Is NYC's Progressive Mayor Turning into a Charter School Cheerleader?

When Bill de Blasio ran for mayor the first time, he sought my help. We met and spoke candidly. He told me he would strongly support traditional public schools. He said he would oppose the expansion of private charters into public school space. He promised to stop closing schools because of their test scores. His own children went to public schools. He would protect them and end the destructive tactics of Joel Klein, who coldly and cruelly closed schools over the tearful objections of students, parents, and teachers.

I enthusiastically endorsed him. The campaign issued a press release. De Blasio was elected in 2013, and re-elected in 2017. I wanted him to succeed and to support public schools against the privatizers.

He tried to stand up to the charters, but Eva’s billionaire backers rolled out a multi-million dollar TV campaign and donated huge sums to Governor Cuomo and key legislators. That ended de Blasio’s effort to block charter expansion. The legislature gave them a blank check in New York City, allowed them to expand at will, and even required the city to pay their rent in private facilities if it couldn’t provide suitable public space. Now his majority appointees to the city board rubber stamp charter co-locations and expansions.

Although the Mayor and Chancellor Farina have tried to support struggling schools, they have not hesitated to close them when they don’t show test score gains.

At the last meeting of the city’s Board of Education (which Mayor Bloomberg capriciously named the Panel on Education Policy to indicate its insignificance in the new era of mayoral control but which is still called the Board of Education in statute), the Mayor submitted a list of schools to close. Sadly, like Bloomberg, he has closed many schools. Unlike Bloomberg, he does not boast about it. There’s that.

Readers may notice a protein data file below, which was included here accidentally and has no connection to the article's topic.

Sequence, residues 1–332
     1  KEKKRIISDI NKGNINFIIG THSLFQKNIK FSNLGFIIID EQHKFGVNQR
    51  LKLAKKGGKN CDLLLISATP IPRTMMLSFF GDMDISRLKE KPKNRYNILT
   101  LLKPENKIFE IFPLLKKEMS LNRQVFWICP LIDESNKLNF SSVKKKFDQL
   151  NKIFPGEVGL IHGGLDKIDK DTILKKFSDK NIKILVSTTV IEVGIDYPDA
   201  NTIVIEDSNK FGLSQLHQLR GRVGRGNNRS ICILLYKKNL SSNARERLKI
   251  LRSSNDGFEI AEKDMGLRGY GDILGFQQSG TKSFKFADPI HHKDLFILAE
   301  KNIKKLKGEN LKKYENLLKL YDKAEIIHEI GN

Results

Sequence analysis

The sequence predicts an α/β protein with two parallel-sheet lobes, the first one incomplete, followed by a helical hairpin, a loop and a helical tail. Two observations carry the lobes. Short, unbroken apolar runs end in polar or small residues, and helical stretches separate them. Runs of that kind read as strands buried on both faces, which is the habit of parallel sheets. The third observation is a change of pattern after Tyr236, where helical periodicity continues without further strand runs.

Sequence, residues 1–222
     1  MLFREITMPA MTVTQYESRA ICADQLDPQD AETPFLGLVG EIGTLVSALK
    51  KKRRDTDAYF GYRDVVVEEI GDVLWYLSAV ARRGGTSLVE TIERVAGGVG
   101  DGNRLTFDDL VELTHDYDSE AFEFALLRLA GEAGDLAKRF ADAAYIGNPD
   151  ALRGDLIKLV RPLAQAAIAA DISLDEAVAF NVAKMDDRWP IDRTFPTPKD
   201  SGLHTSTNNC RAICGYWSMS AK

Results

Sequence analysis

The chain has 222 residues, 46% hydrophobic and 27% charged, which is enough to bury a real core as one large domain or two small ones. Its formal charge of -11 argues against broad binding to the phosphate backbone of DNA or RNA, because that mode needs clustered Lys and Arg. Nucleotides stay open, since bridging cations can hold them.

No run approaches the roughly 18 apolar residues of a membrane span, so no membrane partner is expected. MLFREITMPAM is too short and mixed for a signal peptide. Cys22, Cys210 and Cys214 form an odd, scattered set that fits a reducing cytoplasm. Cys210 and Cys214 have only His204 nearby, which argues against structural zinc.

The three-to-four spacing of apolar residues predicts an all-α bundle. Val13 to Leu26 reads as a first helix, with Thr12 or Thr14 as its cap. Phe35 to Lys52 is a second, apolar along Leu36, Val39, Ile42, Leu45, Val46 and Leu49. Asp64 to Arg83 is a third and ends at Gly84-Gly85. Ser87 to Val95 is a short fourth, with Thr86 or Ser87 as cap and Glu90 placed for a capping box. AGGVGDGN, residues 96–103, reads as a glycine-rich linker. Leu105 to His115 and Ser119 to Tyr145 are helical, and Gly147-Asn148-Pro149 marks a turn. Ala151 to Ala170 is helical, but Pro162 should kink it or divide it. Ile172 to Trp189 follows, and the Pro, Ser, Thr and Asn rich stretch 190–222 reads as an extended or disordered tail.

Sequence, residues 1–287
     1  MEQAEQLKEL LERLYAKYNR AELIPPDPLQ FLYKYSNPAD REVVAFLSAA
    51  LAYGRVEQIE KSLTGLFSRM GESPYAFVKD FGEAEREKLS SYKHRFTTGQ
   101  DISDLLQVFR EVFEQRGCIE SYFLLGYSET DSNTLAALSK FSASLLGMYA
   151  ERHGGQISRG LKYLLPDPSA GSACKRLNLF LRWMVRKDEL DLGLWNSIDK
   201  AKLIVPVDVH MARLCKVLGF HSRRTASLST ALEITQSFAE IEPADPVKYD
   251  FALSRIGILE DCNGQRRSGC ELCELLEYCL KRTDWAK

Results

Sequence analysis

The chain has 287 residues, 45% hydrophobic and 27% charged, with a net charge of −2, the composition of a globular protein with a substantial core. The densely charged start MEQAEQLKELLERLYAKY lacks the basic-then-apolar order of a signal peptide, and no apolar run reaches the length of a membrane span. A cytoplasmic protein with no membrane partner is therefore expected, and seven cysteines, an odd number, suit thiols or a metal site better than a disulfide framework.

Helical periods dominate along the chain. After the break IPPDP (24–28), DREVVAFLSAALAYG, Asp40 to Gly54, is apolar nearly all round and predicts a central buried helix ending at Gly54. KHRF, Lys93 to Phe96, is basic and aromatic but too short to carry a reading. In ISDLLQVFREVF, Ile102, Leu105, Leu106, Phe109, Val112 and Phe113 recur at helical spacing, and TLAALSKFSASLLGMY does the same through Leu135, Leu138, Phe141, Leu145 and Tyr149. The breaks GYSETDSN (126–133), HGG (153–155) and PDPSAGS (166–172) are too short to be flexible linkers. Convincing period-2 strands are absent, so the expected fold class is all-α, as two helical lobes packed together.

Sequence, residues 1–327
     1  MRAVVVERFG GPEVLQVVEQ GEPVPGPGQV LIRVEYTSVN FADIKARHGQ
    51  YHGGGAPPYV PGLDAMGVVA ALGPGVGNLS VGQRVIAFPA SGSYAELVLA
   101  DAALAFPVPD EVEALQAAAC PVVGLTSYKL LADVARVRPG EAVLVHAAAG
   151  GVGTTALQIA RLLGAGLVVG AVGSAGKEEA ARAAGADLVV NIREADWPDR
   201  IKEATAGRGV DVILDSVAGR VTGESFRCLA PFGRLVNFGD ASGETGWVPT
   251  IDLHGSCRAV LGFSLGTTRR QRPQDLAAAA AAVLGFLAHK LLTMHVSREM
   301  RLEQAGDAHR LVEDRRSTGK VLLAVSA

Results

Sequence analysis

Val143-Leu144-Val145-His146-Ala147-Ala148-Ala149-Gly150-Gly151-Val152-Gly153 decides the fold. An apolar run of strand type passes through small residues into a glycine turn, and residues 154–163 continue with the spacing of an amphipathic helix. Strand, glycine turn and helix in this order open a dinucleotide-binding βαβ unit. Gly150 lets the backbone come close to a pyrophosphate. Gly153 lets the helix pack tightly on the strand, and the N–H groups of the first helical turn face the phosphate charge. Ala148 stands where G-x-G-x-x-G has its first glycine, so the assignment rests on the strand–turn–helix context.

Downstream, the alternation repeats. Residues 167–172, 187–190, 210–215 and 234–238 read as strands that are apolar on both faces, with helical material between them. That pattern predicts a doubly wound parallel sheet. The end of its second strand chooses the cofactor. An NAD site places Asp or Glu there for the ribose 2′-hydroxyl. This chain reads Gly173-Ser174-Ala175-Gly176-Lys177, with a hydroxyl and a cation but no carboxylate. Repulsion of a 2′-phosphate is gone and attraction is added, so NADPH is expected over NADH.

At the last meeting of the Board, one of the Mayor’s appointees, T. Elzora Cleveland, dissented and another abstained, denying the majority needed to close two of the schools on the Mayor’s list. Cleveland has resigned, and education activists assume she was forced out to make way for a more pliable board member. 

How is this different from Mayor Bloomberg’s tactics?

During the Bloomberg regime, the Mayor ousted three appointees who objected to his wish to end social promotion. The three members worried that no one had devised a plan to help the kids held back. Bloomberg fired them on the spot, and said, in effect, mayoral control means I am in charge and my appointees do as I wish. At the time, the firings were called “the Monday night massacre.”

I strongly oppose closing public schools, especially those that are historic anchors of their community. Several years back, I was on a panel with John Jackson, president of the Schott Foundation for Public Education. He said he had traveled to many countries to learn how they dealt with struggling schools. In every country, the Minister of Education said, “If a school is struggling, we send in support.” Dr. Jackson asked, “What do you do if you send support, and the school doesn’t improve?” In every case, the Minister said, “We send in more support.”

The bottom line is that accountability lies with the leadership. If a school is in trouble, it is up to the leadership to help, not punish. They control the resources. They decide whether the school will reduce class sizes and have the staff and programs it needs. Accountability begins at the top.


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